We occasionally get requests from people who would like to see an update on a project.  Wild-cross projects tend to be some that are most often asked about.  I should do these updates more often.  It’s not the writing that gets me. It’s the photography. I used to think that I would love it. Just give me a high quality camera, which I have, and I will really enjoy taking all sorts of photos. I guess that’s not the case. Apparently I just don’t have the patience for it. Probably sounds strange coming from someone who has been raising angelfish for 40 years, but if the pictures don’t look as good as the subject I will work at it for a while then I hear that little voice in my head saying “Well, enough of that”. I just got done wasting an hour on some angels that didn’t want to cooperate, so… I’m going to do the update and go with what I got. Fortunately I got a few decent shots the other day so they aren’t all bad : )

You may remember that we took a large wild Peruvian Scalare male and bred it to a high quality veil Koi female.
All wild crosses are interesting and unique. Body shape, color, and temperament make each cross well worth the effort, however, the F1 generation creates a somewhat bland looking silver gold marble ghost. The Gold Marble gene from the Koi is co-dominant with a bit of marbling showing through, but not much color. The stripeless gene that creates the blushing trait tends to break up the bars on the wild silver. Fortunately, the Peruvian genes add a lot of subtle color and speckling to help keep them interesting.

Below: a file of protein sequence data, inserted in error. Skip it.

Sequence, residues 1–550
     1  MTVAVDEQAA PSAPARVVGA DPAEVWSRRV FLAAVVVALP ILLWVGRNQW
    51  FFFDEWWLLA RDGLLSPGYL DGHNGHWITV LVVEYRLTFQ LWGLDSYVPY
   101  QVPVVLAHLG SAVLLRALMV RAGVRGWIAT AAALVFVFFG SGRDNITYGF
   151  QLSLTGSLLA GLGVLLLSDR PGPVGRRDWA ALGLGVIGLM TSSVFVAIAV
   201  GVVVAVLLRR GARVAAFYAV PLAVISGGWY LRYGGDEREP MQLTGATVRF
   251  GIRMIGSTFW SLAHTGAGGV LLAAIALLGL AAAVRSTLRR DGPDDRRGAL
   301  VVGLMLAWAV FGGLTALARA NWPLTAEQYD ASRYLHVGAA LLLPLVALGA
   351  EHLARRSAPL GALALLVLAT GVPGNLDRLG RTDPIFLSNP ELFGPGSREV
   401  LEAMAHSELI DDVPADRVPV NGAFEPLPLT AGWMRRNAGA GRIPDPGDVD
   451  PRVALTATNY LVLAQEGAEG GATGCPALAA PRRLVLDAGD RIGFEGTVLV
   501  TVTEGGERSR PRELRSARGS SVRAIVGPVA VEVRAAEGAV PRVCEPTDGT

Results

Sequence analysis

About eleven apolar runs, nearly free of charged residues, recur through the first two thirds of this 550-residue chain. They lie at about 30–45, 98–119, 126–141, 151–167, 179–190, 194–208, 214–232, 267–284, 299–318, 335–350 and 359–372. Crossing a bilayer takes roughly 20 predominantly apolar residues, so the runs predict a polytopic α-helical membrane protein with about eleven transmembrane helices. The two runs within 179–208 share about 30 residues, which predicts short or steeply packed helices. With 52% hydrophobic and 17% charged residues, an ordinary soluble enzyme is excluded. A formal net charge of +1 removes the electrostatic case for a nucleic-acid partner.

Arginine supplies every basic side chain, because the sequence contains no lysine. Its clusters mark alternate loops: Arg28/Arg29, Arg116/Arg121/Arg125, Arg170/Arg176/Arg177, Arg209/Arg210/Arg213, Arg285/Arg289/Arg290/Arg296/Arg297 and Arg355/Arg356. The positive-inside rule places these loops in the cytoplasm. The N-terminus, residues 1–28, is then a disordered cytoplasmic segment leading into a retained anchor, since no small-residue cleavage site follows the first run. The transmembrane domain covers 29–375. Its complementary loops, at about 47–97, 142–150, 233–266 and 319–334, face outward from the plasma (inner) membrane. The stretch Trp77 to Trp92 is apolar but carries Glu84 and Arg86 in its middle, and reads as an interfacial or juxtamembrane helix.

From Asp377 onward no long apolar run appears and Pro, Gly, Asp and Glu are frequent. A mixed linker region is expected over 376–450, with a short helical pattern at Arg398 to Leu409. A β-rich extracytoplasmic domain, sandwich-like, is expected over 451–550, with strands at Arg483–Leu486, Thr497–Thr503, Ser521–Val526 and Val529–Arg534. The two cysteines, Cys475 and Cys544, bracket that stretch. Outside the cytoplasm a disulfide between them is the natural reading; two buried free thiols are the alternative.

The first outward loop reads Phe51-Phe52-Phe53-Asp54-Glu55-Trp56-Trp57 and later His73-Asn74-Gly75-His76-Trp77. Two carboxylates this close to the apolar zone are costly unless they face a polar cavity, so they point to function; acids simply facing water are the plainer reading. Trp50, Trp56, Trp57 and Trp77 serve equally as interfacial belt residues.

From here we went in two directions. The first pairing was made with two F1 fish from the original cross. The siblings used to create the pair are pictured below.

This pair produced 27 different types fry ranging from 50% wild type to 50% wild Koi superveil. I decided to keep only the Koi and Blue Koi. Both varieties grew out as expected, with the Koi showing orange crowns and the Blue Koi a dull gray.

Next we did a back-cross using the same 50% wild from the above F1 pair and a nice orange Koi from the HR line. We selected two pairs. Both looked very similar.
Pair 1 Orange male Koi veil x f-1 50% wild Koi cross female
Pair 2 Orange female Koi veil x f-1 50% wild Koi cross male


These pairs both produced 12 different types of fry. Again I kept only the Koi and Blue Koi. These results were however nothing like what we expected!  The pairs just above produced the biggest advances in color by far. The results of similar wild crosses, made years ago, never came close to these in terms of orange coverage. I would generally expect to back-cross at least one or two more generations to get these results. The photo below compares a solid 25%-wild Koi on the left (F1 backcrossed to our best Koi), to a 50%-wild Koi on the right which came from one of the above F1 pairs.  Both fish retain the very nice finnage and body shape but only the back-cross (25% wild)  inherited the ability to produce complete orange coverage.

The Blue Koi (Gm/+ S/S)were the big surprise. A number of them don’t really qualify as blue koi. They are very different. Rather than the typical iridescent bluish gray color, they have a strong underlay of orange that shows through the gray creating a very unique fish. We will know more when we see the offspring that these fish create when crossed back to orange koi one more generation. We’re looking forward to that.



If you want to purchase some of these 25% Wild offspring, you can at this page.